Calcutta, March 20: A Trinamul-run municipality has been accused of usurping land apparently belonging to a central government undertaking in Ultadanga despite prohibitory orders by the high court.
The allegation has prompted many to wonder if Mamata Banerjee’s message of extending all possible help to industry has trickled down to the grassroots.
Bird Jute and Exports Limited (BJEL), a sick unit that owns 49 acres off VIP Road, has recently begun efforts of revival.
The Board for Industrial and Financial Reconstruction, which identifies sick units and recommends measures to put them back on their feet if possible, has suggested that Bird sell a portion its land to raise money to make a new beginning.
Officials of the company, where Amitabh Bachchan had worked in the 1960s, said they were banking on the high price the land was expected to fetch because of its prime location. The market price of a cottah in the area is Rs 45 lakh. One bigha, which is equal to nearly 20 cottahs, will fetch Rs 9 crore.
“We have plans to sell 33 acres of the 49 acres we have. But we don’t know whether we can implement our plan as land belonging to us is being encroached upon despite Calcutta High Court’s intervention,” said an official of the Union textiles ministry, which runs BJEL.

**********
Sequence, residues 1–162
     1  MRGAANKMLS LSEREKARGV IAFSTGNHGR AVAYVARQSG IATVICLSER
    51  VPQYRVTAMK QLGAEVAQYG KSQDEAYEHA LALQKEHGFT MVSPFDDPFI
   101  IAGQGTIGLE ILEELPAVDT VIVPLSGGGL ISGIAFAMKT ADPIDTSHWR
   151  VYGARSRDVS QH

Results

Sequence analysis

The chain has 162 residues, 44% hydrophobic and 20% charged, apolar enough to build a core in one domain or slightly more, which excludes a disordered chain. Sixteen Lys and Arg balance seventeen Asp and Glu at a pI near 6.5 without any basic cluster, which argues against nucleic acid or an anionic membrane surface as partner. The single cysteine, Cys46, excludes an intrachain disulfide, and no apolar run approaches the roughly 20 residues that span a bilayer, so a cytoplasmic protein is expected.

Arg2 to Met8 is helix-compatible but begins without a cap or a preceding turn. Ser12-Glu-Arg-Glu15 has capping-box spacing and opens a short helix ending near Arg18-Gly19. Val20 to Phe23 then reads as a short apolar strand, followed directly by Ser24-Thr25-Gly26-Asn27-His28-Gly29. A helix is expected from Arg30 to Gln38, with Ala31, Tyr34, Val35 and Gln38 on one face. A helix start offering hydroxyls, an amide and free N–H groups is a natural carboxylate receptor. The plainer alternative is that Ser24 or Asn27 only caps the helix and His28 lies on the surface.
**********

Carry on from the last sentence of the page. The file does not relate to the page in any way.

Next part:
The company is locked in a legal battle with the South Dum Dum municipality since June 2012, when BJEL went to court seeking an order preventing the Trinamul-run civic body from building a reservoir on what the firm claims is its land. The court had then issued a stay order.
The matter has also reached the chief minister’s office. In January, Union textile minister Kavuru Sambasiva Rao wrote to Mamata informing her about the alleged encroachment on BJEL’s land.
“The municipality has built a water reservoir on 3 cottahs of our land. Now, it is building a park on another one bigha. Both these land parcels fall in the area we have decided to sell,” said a BJEL official.
As land is the only asset the company can monetise without facing hurdles, BJEL officials are upset with the Trinamul-run municipality for allegedly encroaching on the land despite the court’s stay order.
BJEL filed a contempt petition in Calcutta High Court earlier this month, accusing the municipality of carrying on the construction work of the reservoir despite the stay order.
The administrative calendar of the Bengal government shows that the water reservoir was supposed to be completed by March 15, the petition alleges.
Sujit Bose, the vice-chairman of the South Dum Dum municipality, said the reservoir had begun supplying water to people living in the civic body’s area.
“They (BJEL) are claiming it is their land. But there was no wall to demarcate it as their land. The reservoir will benefit thousands of people,” Bose said.
The company contested Bose’s claims.
According to a company official, the boundary walls have been pulled down and shops and playgrounds have come up with the “tacit support” of local politicians as the land has been lying idle since 2002, when production stopped.
The court has asked the block land and land reforms officer of Barrackpore II to be present during the next hearing, scheduled for March 24.
“We are trying to revive the company, but instead of helping us, the ruling establishment is taking away our land,” a Union textile ministry source said.